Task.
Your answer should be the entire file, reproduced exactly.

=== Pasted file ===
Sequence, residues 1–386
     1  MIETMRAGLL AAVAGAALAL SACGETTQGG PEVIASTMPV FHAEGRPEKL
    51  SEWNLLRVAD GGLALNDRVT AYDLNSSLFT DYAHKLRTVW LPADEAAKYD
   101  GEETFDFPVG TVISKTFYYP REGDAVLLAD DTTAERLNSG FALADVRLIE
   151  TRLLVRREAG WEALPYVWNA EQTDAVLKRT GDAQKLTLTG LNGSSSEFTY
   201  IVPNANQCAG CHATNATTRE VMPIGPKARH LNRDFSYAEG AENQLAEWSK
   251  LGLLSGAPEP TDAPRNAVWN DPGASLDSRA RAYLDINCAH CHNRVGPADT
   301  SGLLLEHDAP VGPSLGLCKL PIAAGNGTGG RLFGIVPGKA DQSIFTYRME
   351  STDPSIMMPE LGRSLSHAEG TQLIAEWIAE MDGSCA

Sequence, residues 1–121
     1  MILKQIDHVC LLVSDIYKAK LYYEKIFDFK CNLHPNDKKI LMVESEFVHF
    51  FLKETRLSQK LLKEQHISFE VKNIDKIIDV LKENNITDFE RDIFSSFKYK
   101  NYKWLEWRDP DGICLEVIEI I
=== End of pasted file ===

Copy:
Sequence, residues 1–386
     1  MIETMRAGLL AAVAGAALAL SACGETTQGG PEVIASTMPV FHAEGRPEKL
    51  SEWNLLRVAD GGLALNDRVT AYDLNSSLFT DYAHKLRTVW LPADEAAKYD
   101  GEETFDFPVG TVISKTFYYP REGDAVLLAD DTTAERLNSG FALADVRLIE
   151  TRLLVRREAG WEALPYVWNA EQTDAVLKRT GDAQKLTLTG LNGSSSEFTY
   201  IVPNANQCAG CHATNATTRE VMPIGPKARH LNRDFSYAEG AENQLAEWSK
   251  LGLLSGAPEP TDAPRNAVWN DPGASLDSRA RAYLDINCAH CHNRVGPADT
   301  SGLLLEHDAP VGPSLGLCKL PIAAGNGTGG RLFGIVPGKA DQSIFTYRME
   351  STDPSIMMPE LGRSLSHAEG TQLIAEWIAE MDGSCA

Sequence, residues 1–121
     1  MILKQIDHVC LLVSDIYKAK LYYEKIFDFK CNLHPNDKKI LMVESEFVHF
    51  FLKETRLSQK LLKEQHISFE VKNIDKIIDV LKENNITDFE RDIFSSFKYK
   101  NYKWLEWRDP DGICLEVIEI I